" Not sure wether it's just the motorsport success or not - but there's something about the older generation of Saabs that we really dig. I was always fascinated by the 96 (below) - not least because an old teacher of mine "
There’s not been much love for the Saab brand lately in these pages. We were able to drive the last few Saab editions released just before the once noble brand’s recent demise. They were adequate cars. But Saabs should have always been so much more than that. It’s a real shame. In each postwar decade the Saab brand was responsible for some of the most perennial and innovative cars out there. Saabs were quirky totems of automotive modernism – cars that threw out the restrictive rule books of aesthetic and engineering.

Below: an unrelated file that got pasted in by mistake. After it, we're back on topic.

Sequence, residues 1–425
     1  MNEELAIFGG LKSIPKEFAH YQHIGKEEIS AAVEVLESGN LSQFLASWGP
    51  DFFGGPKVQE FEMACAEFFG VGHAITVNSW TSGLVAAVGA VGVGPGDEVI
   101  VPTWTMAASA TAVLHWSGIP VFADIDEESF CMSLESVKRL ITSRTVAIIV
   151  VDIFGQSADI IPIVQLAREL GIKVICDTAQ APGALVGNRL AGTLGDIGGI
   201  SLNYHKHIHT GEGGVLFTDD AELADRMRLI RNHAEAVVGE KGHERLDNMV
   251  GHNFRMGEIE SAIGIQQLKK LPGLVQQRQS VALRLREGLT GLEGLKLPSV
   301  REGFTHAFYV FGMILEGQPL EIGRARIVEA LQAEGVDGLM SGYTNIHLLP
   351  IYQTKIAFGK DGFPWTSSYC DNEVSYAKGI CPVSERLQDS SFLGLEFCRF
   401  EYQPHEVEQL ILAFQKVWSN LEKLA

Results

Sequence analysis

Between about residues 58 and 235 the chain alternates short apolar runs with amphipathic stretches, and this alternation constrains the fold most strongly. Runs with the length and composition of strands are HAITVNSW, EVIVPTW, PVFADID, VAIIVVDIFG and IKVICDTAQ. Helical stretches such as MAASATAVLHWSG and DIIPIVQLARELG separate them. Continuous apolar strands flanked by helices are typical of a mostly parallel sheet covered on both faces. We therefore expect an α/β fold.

The high point of the brand’s lasting legacy was for us the 96. The car brought together an odd mix of pugnacious presence and the flow of bold lines, which were penned by the iconoclastic and visionary designer Sixten Sason. But as well as its unique aesthetic, safety innovations rolled out in the Saab 96 proved hugely popular with the pan-European public, as did the reliability of the 3 cylinder two stroke that powered the early models. When the Ford V4-driven versions were released the cars reputation grew still further.
The fact that this odd looking car won the Monte Carlo rally three times hammered home the point that reliability and durability of aspiration as important and saleable as raw power and speed. The run of the Saab 96 lasted from 1960 to 1980 – two decades in which automotive design, performance and car culture in general changed out of all recognition. The fact that the Saab 96 lived through these seismic shifts proves the point – this car as a stone cold classic of European Modernism.
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